11. Be aware of height restrictions
The rides don’t have age restrictions as such but they do have height restrictions. The minimum height for some of the larger rides is 1.10m – this includes the Naga Racer (which involves racing head first on a mat down some fairly steep drops – I was super nervous, Amy however went on not once but twice and flipping loved it!) and Mekong Rapids. For the bigger rides the height restrictions are 1.25m – only the Tower of Power has a height restriction of 1.40m and a minimum age of 14 years. After experiencing the Naga Racer, Amy was gutted not to be able to go on a couple of the bigger rides but soon cheered up. There was still plenty of her to go on – do watch our video to see her face on the Mekong Rapids, we have a real thrill-seeker on our hands! Lost City is a water park in itself with 15 slides and all sorts of exciting water features – I honestly think we could have kept our girls happy playing there most of the day! This area is strictly for children only, you are not allowed to climb around and go on the slides with your child so they do need to be capable of managing this for themselves – at 4 Amy was more than happy to do this. (Next to the main Lost City there is a smaller play area for really little ones to join in the fun.) We just stood in the shallow water to keep an eye on them though there’s plenty of sunbeds for you to relax on while the children entertain themselves for a bit!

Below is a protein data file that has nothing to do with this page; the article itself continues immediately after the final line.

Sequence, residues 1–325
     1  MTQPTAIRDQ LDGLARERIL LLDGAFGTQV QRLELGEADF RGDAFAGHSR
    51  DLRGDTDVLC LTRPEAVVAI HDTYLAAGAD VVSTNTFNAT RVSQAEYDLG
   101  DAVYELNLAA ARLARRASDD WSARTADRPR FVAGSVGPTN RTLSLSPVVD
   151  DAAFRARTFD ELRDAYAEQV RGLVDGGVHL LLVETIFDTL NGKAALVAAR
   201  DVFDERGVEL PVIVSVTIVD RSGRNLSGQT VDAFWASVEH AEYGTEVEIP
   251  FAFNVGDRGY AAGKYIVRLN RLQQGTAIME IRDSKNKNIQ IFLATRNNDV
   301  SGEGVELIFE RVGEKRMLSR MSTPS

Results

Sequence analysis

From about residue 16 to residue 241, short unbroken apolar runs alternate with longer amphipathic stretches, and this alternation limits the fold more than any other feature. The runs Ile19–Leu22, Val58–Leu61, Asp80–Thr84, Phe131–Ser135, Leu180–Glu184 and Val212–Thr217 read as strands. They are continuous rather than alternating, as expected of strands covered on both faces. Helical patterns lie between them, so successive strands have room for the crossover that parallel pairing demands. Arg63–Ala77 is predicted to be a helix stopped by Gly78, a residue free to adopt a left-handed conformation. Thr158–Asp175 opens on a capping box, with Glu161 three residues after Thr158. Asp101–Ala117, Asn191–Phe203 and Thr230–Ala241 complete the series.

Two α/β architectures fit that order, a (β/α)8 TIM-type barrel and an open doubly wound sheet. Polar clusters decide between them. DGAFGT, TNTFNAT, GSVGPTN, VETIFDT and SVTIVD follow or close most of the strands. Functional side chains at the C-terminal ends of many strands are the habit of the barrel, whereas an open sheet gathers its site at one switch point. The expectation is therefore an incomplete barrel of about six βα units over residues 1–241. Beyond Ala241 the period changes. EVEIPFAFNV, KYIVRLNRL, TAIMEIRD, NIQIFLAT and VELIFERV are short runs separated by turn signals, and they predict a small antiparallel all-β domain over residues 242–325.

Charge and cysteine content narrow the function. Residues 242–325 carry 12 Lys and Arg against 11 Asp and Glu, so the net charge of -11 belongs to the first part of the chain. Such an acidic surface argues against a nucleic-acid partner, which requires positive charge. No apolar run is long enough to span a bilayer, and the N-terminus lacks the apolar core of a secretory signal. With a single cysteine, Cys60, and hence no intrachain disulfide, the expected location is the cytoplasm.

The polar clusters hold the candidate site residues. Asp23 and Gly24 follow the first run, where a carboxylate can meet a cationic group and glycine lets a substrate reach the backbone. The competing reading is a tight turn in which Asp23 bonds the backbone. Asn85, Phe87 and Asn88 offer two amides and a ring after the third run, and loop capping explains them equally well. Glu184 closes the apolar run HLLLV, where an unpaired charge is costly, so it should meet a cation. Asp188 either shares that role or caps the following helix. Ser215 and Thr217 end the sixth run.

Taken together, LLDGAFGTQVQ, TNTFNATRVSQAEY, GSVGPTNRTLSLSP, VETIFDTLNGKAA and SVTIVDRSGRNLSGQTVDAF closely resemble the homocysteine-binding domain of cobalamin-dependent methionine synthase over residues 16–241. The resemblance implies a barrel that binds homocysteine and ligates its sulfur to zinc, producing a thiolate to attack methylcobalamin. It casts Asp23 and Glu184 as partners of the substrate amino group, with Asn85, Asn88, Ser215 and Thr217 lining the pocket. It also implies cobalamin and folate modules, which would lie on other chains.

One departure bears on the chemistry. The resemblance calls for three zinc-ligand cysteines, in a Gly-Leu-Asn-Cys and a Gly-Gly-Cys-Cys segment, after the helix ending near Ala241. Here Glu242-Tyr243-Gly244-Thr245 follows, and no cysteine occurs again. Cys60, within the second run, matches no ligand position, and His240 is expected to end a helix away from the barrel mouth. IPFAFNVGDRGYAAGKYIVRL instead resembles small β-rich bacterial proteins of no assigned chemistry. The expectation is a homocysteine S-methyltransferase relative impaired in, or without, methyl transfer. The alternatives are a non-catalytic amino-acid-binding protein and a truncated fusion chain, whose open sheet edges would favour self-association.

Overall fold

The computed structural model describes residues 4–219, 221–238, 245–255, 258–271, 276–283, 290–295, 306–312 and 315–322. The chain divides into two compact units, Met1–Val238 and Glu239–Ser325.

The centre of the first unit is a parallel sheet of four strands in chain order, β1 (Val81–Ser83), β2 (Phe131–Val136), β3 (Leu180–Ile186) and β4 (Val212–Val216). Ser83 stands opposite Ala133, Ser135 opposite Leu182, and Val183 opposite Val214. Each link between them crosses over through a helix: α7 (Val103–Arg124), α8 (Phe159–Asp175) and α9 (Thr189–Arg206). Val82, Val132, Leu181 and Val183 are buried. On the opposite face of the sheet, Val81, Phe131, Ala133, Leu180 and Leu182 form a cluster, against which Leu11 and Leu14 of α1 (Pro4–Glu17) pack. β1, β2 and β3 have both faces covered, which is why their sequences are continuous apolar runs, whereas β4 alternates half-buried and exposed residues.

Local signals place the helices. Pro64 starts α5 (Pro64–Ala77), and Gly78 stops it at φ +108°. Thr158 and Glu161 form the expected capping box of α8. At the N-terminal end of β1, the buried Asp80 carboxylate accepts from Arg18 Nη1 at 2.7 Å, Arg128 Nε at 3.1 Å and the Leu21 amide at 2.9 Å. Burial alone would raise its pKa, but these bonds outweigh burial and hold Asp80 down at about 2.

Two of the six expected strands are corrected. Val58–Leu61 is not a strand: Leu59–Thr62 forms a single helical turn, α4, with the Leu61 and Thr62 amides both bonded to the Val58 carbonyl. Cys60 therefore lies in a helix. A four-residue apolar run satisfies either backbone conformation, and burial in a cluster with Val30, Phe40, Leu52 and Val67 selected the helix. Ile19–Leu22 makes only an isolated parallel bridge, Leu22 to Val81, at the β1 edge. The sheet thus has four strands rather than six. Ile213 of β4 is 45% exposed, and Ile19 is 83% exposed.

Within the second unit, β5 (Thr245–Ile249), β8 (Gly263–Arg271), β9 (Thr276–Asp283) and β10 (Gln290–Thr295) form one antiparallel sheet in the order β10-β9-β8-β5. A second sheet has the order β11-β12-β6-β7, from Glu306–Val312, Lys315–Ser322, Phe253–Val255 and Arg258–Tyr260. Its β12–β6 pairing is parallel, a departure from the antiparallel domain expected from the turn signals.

12. Make use of the ample seating and sunbeds to rest.
Throughout the park there’s plenty of seating – row upon row of sunbeds at The Lost City and The Wave Palace as well as sunbeds and chairs dotted around the park, usually near the entrance / exit of a slide. These do seem to be quickly “reserved” with towels, however we did manage to find empty ones when we wanted them. The girls and I spent quite a while lying in the sun while Dave and Ben went on Singha – it was nice to be able to rest our legs and dry out for a bit! I imagine if you were visiting the park with older children you could use the sunbeds as a bit of a base to send them off and say “meet you back here in a bit” if you see what I mean.
13. Consider investing in a waterproof container to keep your phone / money / medication handy
As I’ve mentioned, you don’t want to be carrying your bag around with you for risk of it being taken or just getting wet. This meant for us that our phones and money remained safely in our locker for the day along with my asthma medication. I wasn’t too bothered about not having my phone on me (though I’d have liked to do more insta stories!) but not having ready access to money was a bit of a pain if we wanted a drink or snack. It also wasn’t ideal to be leaving my inhaler in a locker when I was doing such a lot of activity – it didn’t really occur to me until I’d climbed all the steps to get to the top of one of the rides! Short sighted of me I know. I did notice some people wear wearing waterpoof pouches to combat this issue – definitely something I would consider for a future trip.